The results of this survey might change how we do business. Please vote. You can see the results of the survey after you've voted. Thank you!

Author: Reuben SaltzmanStructure Tech Home Inspections

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Flashlight review: Fenix TK72R

The Fenix TK72R is the most powerful flashlight I've ever tested, and it gives off way more light than anyone could ever need. Before I get into the specifics of this flashlight, however, I must share the manufacturer's warning with you, because it's the best.

I'm not going to lie, I was sold on this flashlight after reading the warning. Not only that, but the warning sheet that comes with the flashlight is even more specific and... awesomer?

TK72R warning sheet

Of course, I only had one question after reading the warning: will it really start paper on fire? That's the first thing I tried. No luck. I'm sure it would work under the right conditions, but I didn't try too hard. I simply held the flashlight against a piece of paper until the flashlight was too hot to hold.

TK72R infrared image

What's surprising about this flashlight is how fast it gets hot; at the full 9000-lumen brightness, you can feel the head getting hot quite quickly. Uncomfortably hot. It won't stay at full brightness for very long, however. The graph below shows how the brightness drops off fairly quickly, leveling off at 2500 lumens after only a few minutes.

Size and Shape

This flashlight is a tank.

TK72R in hand

I think the "TK" in the model number probably has something to do with "tactical", but in this case, I'll assume it means tank. This definitely isn't the type of flashlight that you slip into your pocket. It's too big and too heavy. The good news is that it comes with a nice heavy-duty carrying case, and it slips in and out of the case quite easily. The case also has a velcro strap to keep the flashlight from falling out. Good stuff.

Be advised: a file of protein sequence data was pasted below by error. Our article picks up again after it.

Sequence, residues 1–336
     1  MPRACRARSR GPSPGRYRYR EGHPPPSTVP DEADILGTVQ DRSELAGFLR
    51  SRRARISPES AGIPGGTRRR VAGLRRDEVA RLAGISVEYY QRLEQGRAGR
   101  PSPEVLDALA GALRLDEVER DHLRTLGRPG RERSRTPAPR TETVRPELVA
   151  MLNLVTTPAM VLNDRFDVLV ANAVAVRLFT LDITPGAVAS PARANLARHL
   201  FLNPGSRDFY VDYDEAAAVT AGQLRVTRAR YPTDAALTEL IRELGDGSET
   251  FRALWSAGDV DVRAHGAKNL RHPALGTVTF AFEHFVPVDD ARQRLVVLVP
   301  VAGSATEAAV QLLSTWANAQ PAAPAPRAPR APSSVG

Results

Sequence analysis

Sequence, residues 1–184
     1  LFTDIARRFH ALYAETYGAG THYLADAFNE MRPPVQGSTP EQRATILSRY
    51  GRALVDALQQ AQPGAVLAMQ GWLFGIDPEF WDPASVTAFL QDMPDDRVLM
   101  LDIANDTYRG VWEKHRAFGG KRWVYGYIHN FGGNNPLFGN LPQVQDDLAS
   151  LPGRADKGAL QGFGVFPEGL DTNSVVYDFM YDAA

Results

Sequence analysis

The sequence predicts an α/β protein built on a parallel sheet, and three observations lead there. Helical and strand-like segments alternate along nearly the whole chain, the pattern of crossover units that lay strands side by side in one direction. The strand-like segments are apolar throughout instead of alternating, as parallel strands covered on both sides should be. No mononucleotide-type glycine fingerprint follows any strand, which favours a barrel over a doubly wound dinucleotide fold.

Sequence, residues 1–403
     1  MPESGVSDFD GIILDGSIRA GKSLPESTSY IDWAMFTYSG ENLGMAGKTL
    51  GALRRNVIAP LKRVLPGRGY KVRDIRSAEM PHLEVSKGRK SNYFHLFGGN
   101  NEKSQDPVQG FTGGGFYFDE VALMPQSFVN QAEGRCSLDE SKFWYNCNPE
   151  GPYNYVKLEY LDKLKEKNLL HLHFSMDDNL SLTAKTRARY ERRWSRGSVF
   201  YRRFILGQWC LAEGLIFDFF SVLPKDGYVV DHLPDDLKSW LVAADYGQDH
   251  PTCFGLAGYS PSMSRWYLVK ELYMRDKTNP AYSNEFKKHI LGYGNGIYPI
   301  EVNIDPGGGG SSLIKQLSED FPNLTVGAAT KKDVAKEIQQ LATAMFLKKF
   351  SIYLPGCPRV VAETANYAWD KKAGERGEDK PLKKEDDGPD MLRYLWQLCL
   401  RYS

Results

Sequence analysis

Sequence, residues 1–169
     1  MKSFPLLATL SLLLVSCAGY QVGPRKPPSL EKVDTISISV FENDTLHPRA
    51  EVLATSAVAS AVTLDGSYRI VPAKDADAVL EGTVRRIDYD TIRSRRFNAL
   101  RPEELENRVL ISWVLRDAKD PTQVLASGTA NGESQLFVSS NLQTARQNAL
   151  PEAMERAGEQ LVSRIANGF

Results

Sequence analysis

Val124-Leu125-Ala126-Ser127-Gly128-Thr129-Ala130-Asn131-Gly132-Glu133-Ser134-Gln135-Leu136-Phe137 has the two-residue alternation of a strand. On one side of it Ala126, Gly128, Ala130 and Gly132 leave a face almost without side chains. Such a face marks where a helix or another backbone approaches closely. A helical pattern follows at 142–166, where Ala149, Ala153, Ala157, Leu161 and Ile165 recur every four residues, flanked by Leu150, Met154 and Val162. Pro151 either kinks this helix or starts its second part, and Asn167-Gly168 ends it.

I had to read over the control instructions a couple of times to get it. There are tons of settings, and you can read about them if you want to, but it's not necessary. I gave the flashlight to my 7-year-old daughter and told her to make it bright. She figured it out in about 3 seconds. The short version is that you can hold down the plus and minus buttons to increase or decrease the brightness in 1,000-lumen increments or quickly touch them for 100-lumen increments.

Power and display

The TK72R comes with a gigantic 7,000 mAh rechargeable lithium-ion battery.

TK72R battery

The digital display shows the percentage of battery charge left, the brightness setting, and how much longer the flashlight will run at the current light setting. It's perfect. No more guessing how much battery time is left. In the image below, you can see that the flashlight is at 96% battery life, 100 lumens, and will run for 48 hours straight at this setting.

TK72R display

This flashlight has a built-in micro-USB charging port, as well as a full-sized USB port that can be used to charge other devices. Cool stuff. It's a power bank.

TK72R charging port

Light output

I've taken some photos of the front of my garage with various other flashlights, so I'm keeping with that theme. For comparison, here's the old Fenix TK35 that I was really excited about many years ago.

TK35 against garage

Here's a newer TK35UE at the full 3,200-lumen setting.

TK35UE against garage

Impressive, right? Not compared to the TK72R at the 9,000-lumen setting. The image says it all.

TK72R light output


Does anybody need this flashlight? Heck no. This is more flashlight than anyone needs, but sometimes you just want to treat yourself. Also, Father's Day is coming up very soon. If you have a father who would love a crazy-powerful flashlight that might double as a fire-starter, look no further. This is it. The TK72R currently retails for $329.95 at

If you're looking for a flashlight under $100, I also posted a short review of the Fenix UC35v2.0 last week.

Author: Reuben SaltzmanStructure Tech Home Inspections